Quiet Mini-ITX Gaming Build Guide #2: NCASE M1 Edition

Do-It-Yourself Systems | Silent PC Build Guides
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GPU Cooler: Arctic Accelero Hybrid II-120 - US$115


  • NZXT G10 Adapter + NZXT X31 - US$25 + US$75

The Hybrid II-120.

With all the components inside the M1 being in close proximity to one another, the key to making it quiet will be getting the heat out as efficiently as possible. The best way to do this is with liquid cooling as it transfers the heat to a radiator at a vent where it is quickly expelled out of the PC with an exhaust fan. The Arctic Accelero Hybrid II-120 performed admirably when we tested it on a factory-overclocked GTX 680, which has a much higher power draw than the GTX 970. As a bonus, both the stock fan and the pump are very quiet compared to most AIO cooling units. The only issue is the chunky backside heatsink which creates interference issues. It's designed to cool the VRMs and memory chips passively but blocks a considerable amount of space above the graphics card.

The best alternative is the NZXT G10 GPU bracket which adapts any water cooling unit with an Asetek design (round pump/base) for video card use. It ships with its own fan to cool the VRMs but unfortunately in our case, the fan would have been positioned on the wrong side of the card. Third party air cooling solutions are certainly feasible in larger, better spaced out cases, but our tiny box is too cramped to make this an effective option.

Radiator Fan: Scythe GlideStream 120-MP - US$12

System Fan: Noiseblocker B12-2 - £14


  • Noiseblocker M12-S1 - £16
  • Nexus Real Silent - US$12
  • Scythe GlideStream 120-LM - US$12
  • Scythe Slip Stream 120-M - US$10

Scythe GlideStream 120-MP & Noiseblocker NB-eLoop B12-2.

On paper it doesn't appear that we require any case fans but how often does everything go according to plan? The stock fan that ships with the Hybrid II-120 inexplicably died so the PWM model of the Scythe GlideStream 120 will act as its replacement. The GlideStream series is imbued with above average performance and acoustics according to our testing. The heatsink portion of the GPU cooler eventually hit the chopping block as well, so a Noiseblocker B12-2 fan will be used to help cool down the VRMs of the video card. The Noiseblocker is thus far our most efficient tested fan, and while its noise profile is less impressive than GlideStream, we only plan on running it at very low speeds, so it should be drowned out by the rest of the system.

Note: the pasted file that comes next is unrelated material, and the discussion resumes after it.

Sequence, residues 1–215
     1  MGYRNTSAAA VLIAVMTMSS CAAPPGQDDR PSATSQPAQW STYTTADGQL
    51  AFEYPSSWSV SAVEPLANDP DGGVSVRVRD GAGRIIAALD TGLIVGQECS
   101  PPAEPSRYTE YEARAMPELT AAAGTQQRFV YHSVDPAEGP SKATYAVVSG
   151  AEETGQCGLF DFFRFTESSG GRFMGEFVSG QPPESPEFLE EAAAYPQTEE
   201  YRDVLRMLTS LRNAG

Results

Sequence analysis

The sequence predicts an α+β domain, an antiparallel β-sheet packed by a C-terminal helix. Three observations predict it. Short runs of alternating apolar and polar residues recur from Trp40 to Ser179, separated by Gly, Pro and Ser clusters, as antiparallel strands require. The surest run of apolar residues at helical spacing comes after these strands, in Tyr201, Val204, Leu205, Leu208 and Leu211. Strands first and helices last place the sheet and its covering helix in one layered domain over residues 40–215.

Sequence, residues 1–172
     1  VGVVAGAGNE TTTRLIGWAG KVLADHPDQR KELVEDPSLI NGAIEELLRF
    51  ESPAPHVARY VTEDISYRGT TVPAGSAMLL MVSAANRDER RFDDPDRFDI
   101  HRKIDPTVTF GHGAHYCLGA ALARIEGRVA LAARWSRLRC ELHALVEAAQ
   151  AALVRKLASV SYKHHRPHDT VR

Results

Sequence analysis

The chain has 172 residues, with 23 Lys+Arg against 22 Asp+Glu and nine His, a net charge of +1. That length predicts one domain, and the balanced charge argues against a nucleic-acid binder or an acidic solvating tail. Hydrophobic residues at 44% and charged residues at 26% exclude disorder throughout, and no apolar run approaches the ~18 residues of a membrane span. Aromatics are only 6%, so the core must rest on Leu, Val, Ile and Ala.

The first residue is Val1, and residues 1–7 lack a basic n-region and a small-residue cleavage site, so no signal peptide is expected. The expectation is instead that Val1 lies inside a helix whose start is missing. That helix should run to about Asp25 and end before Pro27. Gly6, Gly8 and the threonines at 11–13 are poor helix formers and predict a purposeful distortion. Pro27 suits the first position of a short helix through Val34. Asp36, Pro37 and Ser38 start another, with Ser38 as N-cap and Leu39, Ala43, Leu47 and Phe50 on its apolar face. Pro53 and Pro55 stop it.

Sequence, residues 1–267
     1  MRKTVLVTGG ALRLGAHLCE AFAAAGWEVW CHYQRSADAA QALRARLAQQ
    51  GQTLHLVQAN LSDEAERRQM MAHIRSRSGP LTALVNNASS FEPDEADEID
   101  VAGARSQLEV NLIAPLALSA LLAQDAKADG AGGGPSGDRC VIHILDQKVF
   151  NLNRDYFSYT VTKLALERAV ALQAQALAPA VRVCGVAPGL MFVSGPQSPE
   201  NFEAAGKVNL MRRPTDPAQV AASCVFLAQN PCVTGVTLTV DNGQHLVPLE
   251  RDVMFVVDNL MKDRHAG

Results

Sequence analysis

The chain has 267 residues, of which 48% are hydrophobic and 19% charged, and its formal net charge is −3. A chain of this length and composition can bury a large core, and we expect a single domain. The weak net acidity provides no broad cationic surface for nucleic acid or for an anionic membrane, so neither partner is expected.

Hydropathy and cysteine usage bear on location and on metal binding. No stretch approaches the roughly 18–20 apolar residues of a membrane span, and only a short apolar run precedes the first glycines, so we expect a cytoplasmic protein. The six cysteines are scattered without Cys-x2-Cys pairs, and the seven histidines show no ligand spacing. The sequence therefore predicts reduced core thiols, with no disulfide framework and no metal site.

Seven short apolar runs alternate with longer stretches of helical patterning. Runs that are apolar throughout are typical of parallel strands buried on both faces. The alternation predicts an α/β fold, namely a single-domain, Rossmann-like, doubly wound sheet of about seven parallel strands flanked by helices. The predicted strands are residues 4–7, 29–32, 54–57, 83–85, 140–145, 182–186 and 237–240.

Other members of the GlideStream and older Slip Stream family perform admirably, as does the classic Nexus Real Silent case fan which still holds up even after many years of service as our 120 mm reference fan. European users should take note of the Noiseblocker M12-S1 as a possible alternative as it offers almost as much cooling capability as the B12, but with a much smoother sound

CPU: Intel Core i5-4690K - US$220


Intel Core i5-4690K.

Intel's superior energy efficiency has us going back to their Haswell processors time and time again. Even if AMD were an option, no manufacturer is currently selling a mini-ITX version using their flagship AM3+ socket. Quad core Haswell deliver excellent all-around performance, both in single and multi-threaded applications/games. An ideal choice is the Core i5-4690K, a quad core chip running at 3.4 GHz (up to 3.8 GHz with Turbo Boost) with an unlocked multiplier for easy overclocking to improve overall performance further. Honestly, any of the 4xxx series would perform similarly in terms of gaming as CPU bottlenecking isn't much of an issue with GTX 970, so which particular model isn't overly important.

CPU Cooler: Noctua NH-D9L - US$57 (MSRP)


  • Noctua NH-L12 - US$65

The Noctua NH-D9L.

While the CPU is easier to cool and doesn't generate nearly as much heat as the GPU during a gaming session, the tight confines of this case means that everything will run hotter, so a strong performer is ideal. The M1 has a CPU heatsink height limit of 130 mm with the side fan bracket installed (which we need). This isn't bad for a smaller case, but it rules out a plethora of tower models, including many with 92 mm fans like the SilverStone Argon AR02. We initially wanted to use the Noctua NH-C14, a large top-down heatsink, but it's so wide that it interferes with the radiator. Most larger top-down coolers have too large a footprint, while the smaller models may be insufficient.

Luckily Noctua recently released a short tower cooler standing only 110 mm tall due to hit store shelves soon. With its dual tower design, the NH-D9L is essentially a miniature version of their flagship NH-D15, but with just one low-sitting 92 mm fan in the center. While we have yet to test this model, we have no reason to doubt its capabilities given Noctua's track record. The down-blowing NH-L12 is a suitably sized replacement but nothing beats a side-blowing tower to dump heat out of the case, aside from water cooling that is. We could use a second AIO cooler for the CPU as well but it's difficult to achieve a low idle noise level with two pumps running simultaneously.

CPU Fan #2: Noctua NF-A9 PWM - US$18


  • Scythe Kama PWM 92mm - US$7

The Noctua NF-A9 PWM fan.

As the NH-D9L ships with a second set of fan clips and a PWM splitter, to ensure success, we'll arm it with a second fan. The cooler is equipped with an NF-A9 PWM, so a second of the same model will create a symmetric push-pull dynamic.

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